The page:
To touch on the topic of your other post without quoting it:
      I also agree that alignment other than for creatures that are inherently tied to their alignment (celestials and fiends) is a box on the sheet that can be left blank with no ill effects on the game.


      Not so noble anymore.

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      • #63
        The way I read it in FR books, the chaotic nature of the Drow is something which hides under their seemingly ordered society- they make hierarchies, rules and social structures only so they could betray each other in the back and break the laws they by themselves make. The all orderly society is only a facade, as under the surface the common Drow always plots how next they could break yet another law in order to go up in the social order. The house system is made just in order to cause even further chaos, as the houses must fight against each other in order to survive- but they can't do it openly, or else they would be breaking the law, and as such would be exterminated. They are born to their status, but by murdering and bribing the right people they can erase their past and fake their future. They are must climb the ladder in order to survive, but by doing so they make themselves into an even bigger targets in the eyes of their enemies. There is no true order in the Drow society, and the common members of the race don't respect the law- but they also won't outright break it. They would always try to go around it, or at least hide any evidence that a crime was ever committed. All of that doesn't stroke me as overly Lawful Alignment, IMO.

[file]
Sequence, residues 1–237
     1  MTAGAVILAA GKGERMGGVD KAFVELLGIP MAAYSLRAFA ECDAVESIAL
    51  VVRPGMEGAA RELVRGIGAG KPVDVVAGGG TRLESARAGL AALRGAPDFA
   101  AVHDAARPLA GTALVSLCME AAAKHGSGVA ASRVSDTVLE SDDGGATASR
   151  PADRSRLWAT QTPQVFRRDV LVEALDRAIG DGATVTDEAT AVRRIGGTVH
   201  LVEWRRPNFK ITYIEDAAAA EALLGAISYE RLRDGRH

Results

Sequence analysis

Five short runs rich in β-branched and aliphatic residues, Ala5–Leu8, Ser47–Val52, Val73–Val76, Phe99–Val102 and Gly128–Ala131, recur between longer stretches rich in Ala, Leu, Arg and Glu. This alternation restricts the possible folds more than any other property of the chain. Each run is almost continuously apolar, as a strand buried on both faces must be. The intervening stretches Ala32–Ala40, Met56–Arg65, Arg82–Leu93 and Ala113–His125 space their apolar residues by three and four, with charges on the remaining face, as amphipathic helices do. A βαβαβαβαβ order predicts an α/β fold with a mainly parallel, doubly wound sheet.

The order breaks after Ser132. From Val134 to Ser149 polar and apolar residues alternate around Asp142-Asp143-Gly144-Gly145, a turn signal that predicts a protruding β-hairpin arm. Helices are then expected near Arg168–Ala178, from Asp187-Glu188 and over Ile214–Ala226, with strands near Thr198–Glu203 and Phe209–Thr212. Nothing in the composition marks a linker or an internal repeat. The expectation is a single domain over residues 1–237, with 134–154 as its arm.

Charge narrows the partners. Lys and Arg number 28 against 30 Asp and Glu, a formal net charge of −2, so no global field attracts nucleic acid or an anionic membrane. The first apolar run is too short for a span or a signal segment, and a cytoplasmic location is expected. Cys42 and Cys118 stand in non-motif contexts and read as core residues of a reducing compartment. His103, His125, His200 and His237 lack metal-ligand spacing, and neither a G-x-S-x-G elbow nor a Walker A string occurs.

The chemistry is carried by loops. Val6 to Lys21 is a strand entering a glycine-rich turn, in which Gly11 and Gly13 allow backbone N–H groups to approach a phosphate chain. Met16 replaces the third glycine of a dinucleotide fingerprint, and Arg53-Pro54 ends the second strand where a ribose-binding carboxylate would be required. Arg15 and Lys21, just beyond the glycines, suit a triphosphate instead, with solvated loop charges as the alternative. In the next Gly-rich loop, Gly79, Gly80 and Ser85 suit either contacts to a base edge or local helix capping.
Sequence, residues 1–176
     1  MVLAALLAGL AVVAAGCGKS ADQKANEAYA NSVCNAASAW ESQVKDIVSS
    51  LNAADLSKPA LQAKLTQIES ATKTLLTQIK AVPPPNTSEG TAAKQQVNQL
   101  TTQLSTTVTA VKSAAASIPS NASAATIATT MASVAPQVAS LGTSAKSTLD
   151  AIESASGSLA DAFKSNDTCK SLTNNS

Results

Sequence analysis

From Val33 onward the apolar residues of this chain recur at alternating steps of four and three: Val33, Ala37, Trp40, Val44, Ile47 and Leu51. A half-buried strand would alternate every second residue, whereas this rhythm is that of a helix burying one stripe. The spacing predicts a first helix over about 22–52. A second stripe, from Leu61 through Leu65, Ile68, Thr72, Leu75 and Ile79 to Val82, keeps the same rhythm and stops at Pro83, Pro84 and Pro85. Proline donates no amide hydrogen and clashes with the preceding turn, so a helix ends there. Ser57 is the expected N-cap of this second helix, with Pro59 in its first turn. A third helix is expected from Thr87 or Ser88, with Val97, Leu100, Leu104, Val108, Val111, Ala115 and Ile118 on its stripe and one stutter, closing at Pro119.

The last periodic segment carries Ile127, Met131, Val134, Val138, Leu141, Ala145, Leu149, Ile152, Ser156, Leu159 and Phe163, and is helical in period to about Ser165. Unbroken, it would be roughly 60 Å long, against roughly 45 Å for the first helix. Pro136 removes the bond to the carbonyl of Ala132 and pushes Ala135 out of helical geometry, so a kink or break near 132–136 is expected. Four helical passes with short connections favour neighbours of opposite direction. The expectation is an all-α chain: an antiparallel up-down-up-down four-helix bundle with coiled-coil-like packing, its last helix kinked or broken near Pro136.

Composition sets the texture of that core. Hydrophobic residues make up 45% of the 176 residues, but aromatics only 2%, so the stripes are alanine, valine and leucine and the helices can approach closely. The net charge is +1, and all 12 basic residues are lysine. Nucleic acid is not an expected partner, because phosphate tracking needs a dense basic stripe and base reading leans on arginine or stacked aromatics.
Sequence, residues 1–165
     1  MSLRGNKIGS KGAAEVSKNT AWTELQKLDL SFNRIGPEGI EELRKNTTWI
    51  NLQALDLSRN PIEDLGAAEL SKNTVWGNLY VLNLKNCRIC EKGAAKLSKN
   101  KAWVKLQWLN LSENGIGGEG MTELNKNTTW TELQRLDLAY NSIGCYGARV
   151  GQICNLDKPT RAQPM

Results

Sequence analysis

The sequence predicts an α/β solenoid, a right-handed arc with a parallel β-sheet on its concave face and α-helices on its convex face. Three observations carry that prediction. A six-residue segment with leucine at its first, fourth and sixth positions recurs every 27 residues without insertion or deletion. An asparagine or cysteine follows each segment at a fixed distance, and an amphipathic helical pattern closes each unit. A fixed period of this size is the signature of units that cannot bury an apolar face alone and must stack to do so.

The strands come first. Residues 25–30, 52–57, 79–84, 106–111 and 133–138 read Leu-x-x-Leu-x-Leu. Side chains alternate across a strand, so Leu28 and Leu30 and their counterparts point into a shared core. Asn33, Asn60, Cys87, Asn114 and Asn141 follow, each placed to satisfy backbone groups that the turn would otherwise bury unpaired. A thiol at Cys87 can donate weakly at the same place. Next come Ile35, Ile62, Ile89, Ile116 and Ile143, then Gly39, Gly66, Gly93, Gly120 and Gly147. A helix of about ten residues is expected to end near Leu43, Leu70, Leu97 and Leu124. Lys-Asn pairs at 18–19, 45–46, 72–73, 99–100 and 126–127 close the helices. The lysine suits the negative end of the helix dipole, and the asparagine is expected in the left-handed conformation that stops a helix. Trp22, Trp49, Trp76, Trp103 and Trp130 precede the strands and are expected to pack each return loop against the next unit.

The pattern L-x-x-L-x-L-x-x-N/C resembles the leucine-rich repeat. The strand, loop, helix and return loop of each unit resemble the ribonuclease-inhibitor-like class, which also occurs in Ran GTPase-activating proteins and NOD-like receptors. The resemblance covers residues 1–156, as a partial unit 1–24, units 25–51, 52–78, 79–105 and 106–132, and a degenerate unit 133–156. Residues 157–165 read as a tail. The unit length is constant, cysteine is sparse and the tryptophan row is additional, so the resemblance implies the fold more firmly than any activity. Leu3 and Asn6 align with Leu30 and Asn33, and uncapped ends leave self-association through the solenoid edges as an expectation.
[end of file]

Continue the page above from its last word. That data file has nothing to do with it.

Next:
On the other hand, I am not really a big Drow fan- sure, they are cool and all, but sometimes it feels like they are treated as the BEST RACE EVER or something like that. My dislike toward Drizzt may have enhanced that feeling, on the other hand. Anyway, I usually play human characters, sometimes elves (I always wanted to play a Sea Elf, but no ST of mine ever allowed it), but my favorite race is one of the reasons I love Krynn so much as a campaign setting- the High Ogres (the Irda and the Nzunta).

        All of that reminds me that my high school english project's subject was Dragonlance as a setting, with a thorough investigation of the game world's history, races, cultures and religions. I think I still have it somewhere in my room. I should find it :P


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        • #64
          Here's a fun mini-topic; what retcons for the various campaign settings do you actually like, across the editions?